We can 3-D print myriad plastic goods, fabric for apparel, burritos, candy, and perhaps in the not-so-distant future, human organs. Metal—the material that forms the skeleton of any city, building, or car—has been less accessible. Now, a collaboration between Dutch designer Joris Laarman and software company Autodesk has yielded something groundbreaking: an affordable technique for printing large metal structures, called MX3D-Metal.
Laarman has spent the past few years working on the edge of digital fabrication—a few years back he created chairs based off an algorithm that could ape the structure of human bones and tree growth. These days he’s focused on creating his furniture-as-art pieces in stronger materials, like metal.
"Because he’s an artist, he’s pushing the envelope further than an industry would," says Autodesk director Maurice Conti, who first grew interested in Laarman's work a few year's back when the designer was using a large scale resin printer. "An artist just has a creative vision and they kind of ignore what the tools are supposed to be able to do and they realize their creative vision."
Up until now, according to Conti, 3-D printing a metal structure requires a machine that costs around $1 million and could still only produce objects as big as a computer tablet. Manufacturing giants like GE and Boeing have these machines; smaller companies do not. "Let’s say you wanted to print a pair of high-heel shoes," Conti tells Co.Design, citing what seems to be a recurring common 3-D printed design. "They would cost $20,000 to $30,000. Then you would need a special machine to cut those off the build plate. They would need to be printed in a vacuum, that’s only available to a limited high-end market." (Also, in December, a team at Michigan Technical University hacked together a more affordable large scale 3-D metal printer, but also stated that it was a work in progress, and that "within a month, somebody will make one that's better than ours, I guarantee it.")
Here’s how MX3D-Metal works: A robotic arm—the same kind used in car manufacturing or at Amazon’s shipment centers—with a computer-controlled metal welding machine starts to deposit molten metal onto an existing metal surface. Once the initial bit of metal is fused with the surface, the extrusion tip of the arm starts to work like a hot glue gun, or even like a Makerbot, by emitting small amounts of molten material at a time. The arm is controlled by new software Autodesk created that can give the robot more fluid instructions for where the metal should go. Because of how quickly the metal hardens, the new object doesn’t need an additional support structure.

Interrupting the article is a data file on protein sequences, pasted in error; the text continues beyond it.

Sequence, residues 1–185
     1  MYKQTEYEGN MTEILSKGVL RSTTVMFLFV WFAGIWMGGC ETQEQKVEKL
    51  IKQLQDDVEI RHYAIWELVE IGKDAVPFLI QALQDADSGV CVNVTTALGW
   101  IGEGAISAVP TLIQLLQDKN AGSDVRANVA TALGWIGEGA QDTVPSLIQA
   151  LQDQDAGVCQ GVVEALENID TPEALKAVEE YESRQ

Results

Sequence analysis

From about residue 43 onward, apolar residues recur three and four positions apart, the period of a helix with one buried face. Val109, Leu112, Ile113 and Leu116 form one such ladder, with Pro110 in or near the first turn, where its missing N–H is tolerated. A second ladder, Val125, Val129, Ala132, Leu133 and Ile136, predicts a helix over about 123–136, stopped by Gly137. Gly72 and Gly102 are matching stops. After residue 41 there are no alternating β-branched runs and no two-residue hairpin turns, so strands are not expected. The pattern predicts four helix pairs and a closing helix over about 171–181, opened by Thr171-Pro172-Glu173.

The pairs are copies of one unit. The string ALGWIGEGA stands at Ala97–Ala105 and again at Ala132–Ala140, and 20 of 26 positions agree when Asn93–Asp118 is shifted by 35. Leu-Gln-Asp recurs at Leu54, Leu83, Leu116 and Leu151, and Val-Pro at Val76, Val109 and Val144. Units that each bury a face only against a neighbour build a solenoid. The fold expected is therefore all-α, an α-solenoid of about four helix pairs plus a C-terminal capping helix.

Realizing a newer, cheaper method didn’t require re-inventing the wheel. In fact, it’s because most of the equipment parts already exist that this technique is so affordable. Both Conti and Laarman say that the technique is deceptively simple. The biggest challenge now, according to Laarman, is collecting the data from months of testing to see how they can improve the software, and get even more precise creative control over the robotic arms. "It’s figuring out the right parameters until stuff actually works," Laarman says. "For instance, vertical, horizontal, or spiraling lines require different settings, such as pulse time, pause time, layer height, or tool orientation."
Laarman’s studio will be employing it first to create a sculptural bench (which will exhibit at New York’s Friedman Benda gallery this May). "Like it did with the spread of information, digital technology is now also starting to define an evolution in the way we design, manufacture, distribute, and even recycle physical products," Laarman tells Co.Design.